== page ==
At the close of the Decade of Paranoia, the immemorial threat and the dizzy daze. The opening cantina shootout runs the gamut from floating tracking shots to rapid dissolves to slow-motion, and establishes the protagonist's trauma as an oneiric memory. ("Think of the mind as a weave," it is said at the sanitarium, and there's Miklos Rozsa for the Spellbound connection.) Out of the institution and into New York City for the jumpy spy (Roy Scheider), on thin ice with his shadowy firm (presided over by an officious-saturnine Christopher Walken) and with reality itself. The note in Aramaic links synagogues and cathouses, the anthropology graduate in his apartment (Janet Margolin) points up a recent string of deaths. "You have a certain distinction... You're the only one who still seems to be alive." Plenty of Hitchcock jokes for Jonathan Demme—the Dial M for Murder scissors and the Psycho shower turn up as feints—though the dark and romantic impressionism at play belongs unmistakably to the future director of The Silence of the Lambs. The gunman on the trail (Charles Napier) carries his own familial grief, the chase up the Princeton University tower is a bravura cacophony (tolling bells, whizzing bullets, flapping pigeons) capped with a choice burst of Sam Levene kvetching. A cross-generational revenge, a zigzagging camera perpetually at odds with minute constructions, a grave violin one moment and a freewheeling ukelele the next. Traces of Something Wild here and there, a pan from raging waters outside to Margolin applying blood-red lipstick before the mirror, ready to unveil her "quite depraved" side. "You government guys! You think the only causes are on the cover of Time magazine?" The Niagara Falls finale pulls together North by Northwest, Vertigo and Saboteur, a fierce vision of desolation from the most communal of filmmakers. Cinematography by Tak Fujimoto. With John Glover, Jacqueline Brooks, David Margulies, Andrew Duncan, Mandy Patinkin, and Jim McBride.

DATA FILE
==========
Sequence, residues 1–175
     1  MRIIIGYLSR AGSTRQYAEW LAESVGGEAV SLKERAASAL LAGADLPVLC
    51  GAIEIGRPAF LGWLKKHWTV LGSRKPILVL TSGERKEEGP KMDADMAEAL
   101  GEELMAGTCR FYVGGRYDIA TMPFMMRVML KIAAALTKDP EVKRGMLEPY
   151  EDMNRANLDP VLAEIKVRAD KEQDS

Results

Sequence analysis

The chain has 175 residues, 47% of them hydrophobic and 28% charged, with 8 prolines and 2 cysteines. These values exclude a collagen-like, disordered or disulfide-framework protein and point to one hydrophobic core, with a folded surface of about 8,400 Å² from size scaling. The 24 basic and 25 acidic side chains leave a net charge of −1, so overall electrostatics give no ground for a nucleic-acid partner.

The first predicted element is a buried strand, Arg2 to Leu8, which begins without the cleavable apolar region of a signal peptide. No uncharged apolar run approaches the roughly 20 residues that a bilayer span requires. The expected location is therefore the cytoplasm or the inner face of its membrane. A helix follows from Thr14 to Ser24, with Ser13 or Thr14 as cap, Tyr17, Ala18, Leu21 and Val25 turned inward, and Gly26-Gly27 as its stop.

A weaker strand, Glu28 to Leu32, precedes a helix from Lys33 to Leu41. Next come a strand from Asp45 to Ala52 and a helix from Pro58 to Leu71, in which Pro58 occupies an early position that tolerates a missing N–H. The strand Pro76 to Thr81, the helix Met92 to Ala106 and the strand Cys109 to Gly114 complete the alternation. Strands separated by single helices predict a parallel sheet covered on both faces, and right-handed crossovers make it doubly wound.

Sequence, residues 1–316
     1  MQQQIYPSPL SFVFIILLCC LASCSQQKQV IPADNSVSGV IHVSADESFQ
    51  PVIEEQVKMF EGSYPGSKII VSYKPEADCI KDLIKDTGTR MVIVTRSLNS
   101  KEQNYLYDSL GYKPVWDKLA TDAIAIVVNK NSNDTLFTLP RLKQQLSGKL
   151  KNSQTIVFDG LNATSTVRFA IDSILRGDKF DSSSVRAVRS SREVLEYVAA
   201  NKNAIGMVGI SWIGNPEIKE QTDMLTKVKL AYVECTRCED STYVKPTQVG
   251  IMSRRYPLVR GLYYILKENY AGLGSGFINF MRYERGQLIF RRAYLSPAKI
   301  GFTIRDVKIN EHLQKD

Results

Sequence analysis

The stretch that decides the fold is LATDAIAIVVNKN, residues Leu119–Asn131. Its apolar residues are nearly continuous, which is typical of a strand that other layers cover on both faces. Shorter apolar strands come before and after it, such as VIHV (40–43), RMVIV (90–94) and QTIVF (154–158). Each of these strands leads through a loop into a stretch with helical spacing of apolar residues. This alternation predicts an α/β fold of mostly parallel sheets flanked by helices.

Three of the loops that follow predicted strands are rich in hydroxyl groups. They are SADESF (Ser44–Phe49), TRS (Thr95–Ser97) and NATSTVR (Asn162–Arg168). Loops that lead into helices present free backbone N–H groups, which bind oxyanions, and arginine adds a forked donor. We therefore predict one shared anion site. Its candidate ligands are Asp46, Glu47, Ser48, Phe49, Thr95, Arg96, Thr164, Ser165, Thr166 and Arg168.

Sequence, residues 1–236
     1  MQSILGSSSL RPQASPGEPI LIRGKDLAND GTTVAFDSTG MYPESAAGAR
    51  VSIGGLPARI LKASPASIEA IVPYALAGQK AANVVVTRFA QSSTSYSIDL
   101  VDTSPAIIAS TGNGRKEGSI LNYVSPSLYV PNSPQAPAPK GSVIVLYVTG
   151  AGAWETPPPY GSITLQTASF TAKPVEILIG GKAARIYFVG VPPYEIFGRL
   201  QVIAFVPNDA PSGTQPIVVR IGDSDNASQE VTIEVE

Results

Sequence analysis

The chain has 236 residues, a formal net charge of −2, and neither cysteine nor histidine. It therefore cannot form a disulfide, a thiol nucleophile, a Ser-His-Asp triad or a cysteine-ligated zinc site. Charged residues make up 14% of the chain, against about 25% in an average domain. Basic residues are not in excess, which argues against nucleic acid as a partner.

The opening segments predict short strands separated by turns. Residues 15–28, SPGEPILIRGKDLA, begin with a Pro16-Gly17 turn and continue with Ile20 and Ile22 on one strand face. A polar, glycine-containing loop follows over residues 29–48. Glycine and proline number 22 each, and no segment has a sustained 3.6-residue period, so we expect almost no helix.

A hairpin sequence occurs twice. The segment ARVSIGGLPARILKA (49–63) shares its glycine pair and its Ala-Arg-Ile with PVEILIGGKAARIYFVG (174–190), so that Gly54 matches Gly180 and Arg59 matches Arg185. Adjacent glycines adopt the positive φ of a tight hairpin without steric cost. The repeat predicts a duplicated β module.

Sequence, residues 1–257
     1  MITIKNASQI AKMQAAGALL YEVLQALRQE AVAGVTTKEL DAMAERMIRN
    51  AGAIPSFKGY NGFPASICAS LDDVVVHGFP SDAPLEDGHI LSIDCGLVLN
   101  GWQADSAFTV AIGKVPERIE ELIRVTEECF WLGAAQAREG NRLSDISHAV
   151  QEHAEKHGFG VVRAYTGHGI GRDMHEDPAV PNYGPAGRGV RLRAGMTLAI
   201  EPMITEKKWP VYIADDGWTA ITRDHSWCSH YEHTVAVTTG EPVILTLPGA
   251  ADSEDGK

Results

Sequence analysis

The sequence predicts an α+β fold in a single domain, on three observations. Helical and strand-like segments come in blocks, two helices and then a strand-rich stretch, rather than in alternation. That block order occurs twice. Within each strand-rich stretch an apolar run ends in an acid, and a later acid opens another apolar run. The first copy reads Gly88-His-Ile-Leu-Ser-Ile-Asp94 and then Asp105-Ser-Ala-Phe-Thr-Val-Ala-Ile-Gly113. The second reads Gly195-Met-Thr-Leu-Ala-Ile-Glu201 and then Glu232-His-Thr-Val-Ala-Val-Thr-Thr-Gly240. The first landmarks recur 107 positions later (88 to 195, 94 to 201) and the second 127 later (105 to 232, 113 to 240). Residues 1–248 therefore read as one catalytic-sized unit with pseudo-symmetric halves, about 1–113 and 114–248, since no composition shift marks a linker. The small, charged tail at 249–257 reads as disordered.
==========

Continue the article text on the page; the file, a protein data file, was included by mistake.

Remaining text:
--- Fernando F. Croce